Documenting employee issues is one the least liked things supervisors have to do. The process is a time consuming, academic exercise that is solely for the purposes of covering everyone’s backs should an employee take legal action over an employment decision that they were not in agreement with. So why is it important?
Documentation provides insight into an employer’s rationale behind disciplining an employee or deciding to take an adverse employment action such as termination.
The primary purpose of documenting is to:
- Help an employee understand gaps in expectations. What should be happening compared to what is happening. Think in terms of expected results compared to actual results.
- Explain why the gap between what should be happening and what is happening matters and the negative impact the gap is having on the business. Think in terms of reduced profitability, work group morale, safety, customer satisfaction and so forth.
- Confirm the agreed upon course of action to close gaps or the consequences of not meeting expectations. In some cases, talking about consequences for not meeting expectations (i.e. disciplinary action, no raise, termination, et al) is not constructive.
In the event the employee does not close the gaps and consequences follow, the documentation leading up to imposing consequences will help protect the employer from claims of discrimination or wrongful termination. Enforcement agencies and the Courts rely on an employer’s documentation to help determine the merits of employee claims that come before them.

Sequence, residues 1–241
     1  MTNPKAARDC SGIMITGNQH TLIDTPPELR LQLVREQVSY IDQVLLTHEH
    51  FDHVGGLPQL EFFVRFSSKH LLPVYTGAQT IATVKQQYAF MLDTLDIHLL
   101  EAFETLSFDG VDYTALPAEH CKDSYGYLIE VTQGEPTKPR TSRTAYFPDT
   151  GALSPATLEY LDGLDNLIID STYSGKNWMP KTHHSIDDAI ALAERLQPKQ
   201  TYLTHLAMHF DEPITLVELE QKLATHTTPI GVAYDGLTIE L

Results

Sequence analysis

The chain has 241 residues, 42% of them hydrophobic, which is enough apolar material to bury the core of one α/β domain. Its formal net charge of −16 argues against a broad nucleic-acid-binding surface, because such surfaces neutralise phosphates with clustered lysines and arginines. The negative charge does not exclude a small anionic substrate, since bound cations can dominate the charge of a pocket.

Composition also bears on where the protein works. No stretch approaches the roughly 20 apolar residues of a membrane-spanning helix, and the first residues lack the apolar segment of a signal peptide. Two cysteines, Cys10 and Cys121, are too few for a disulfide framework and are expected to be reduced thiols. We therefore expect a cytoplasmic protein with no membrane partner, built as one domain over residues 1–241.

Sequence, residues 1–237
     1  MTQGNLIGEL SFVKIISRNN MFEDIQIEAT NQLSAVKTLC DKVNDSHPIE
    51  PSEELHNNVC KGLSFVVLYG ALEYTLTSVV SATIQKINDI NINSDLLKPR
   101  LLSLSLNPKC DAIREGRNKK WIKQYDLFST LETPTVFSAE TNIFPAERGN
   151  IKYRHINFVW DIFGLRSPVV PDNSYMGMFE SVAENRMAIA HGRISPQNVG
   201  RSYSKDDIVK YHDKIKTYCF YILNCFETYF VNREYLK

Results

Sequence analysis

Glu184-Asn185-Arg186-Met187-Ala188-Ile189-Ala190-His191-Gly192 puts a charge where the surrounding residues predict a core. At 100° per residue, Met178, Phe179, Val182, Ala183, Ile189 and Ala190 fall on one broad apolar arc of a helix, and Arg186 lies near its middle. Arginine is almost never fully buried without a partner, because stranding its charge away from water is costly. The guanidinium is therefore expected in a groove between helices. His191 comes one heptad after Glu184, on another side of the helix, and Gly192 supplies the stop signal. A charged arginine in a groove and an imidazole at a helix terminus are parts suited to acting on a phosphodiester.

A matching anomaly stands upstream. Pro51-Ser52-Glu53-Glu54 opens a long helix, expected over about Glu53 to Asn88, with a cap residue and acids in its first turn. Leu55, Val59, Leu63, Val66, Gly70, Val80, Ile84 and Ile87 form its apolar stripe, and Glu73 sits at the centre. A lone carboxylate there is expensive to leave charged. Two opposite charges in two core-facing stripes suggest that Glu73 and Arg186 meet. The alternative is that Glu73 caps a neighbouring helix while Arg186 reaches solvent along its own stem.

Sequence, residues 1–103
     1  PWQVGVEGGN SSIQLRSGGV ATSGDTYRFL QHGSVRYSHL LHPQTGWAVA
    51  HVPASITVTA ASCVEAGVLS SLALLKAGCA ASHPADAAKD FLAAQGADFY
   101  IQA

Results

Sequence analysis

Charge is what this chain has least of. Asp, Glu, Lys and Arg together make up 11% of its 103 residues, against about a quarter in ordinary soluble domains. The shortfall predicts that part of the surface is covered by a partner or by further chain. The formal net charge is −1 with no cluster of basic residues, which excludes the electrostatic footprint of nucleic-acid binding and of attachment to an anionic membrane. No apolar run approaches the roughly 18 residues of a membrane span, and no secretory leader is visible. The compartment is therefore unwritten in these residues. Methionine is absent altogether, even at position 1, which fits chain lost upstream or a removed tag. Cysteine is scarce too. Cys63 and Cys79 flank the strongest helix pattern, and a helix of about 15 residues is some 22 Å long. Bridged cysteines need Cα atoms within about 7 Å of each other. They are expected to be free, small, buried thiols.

For this reason alone, we can make the case for the business necessity of documenting employee matters. You understand this yet, you procrastinate or elect not to document at all. Why?
The most common reason not to document issues is the supervisor not having the time.
If you view documenting an employee issue to be of value, then you will find the time to document the issue. If you believe the time spent handling other issues will yield a greater return on investment of your time then you will conclude that you shouldn’t document. In truth, this may be a viable argument.
To determine if your time is best invested not documenting an employee matter, calculate the cost of the time needed to document the issue and then compare to the cost of higher unemployment insurance premiums or legal fees to defend an adverse employment action. If you will achieve a greater ROI of your time by not documenting—then don’t document. Just be willing to write a check instead.
Understanding the reasoning and the value of documenting employee issues is the first step of protecting yourself and your company. In our next blog, we will teach you the key talking points to address and ensure proper documentation of any employee issues that come your way.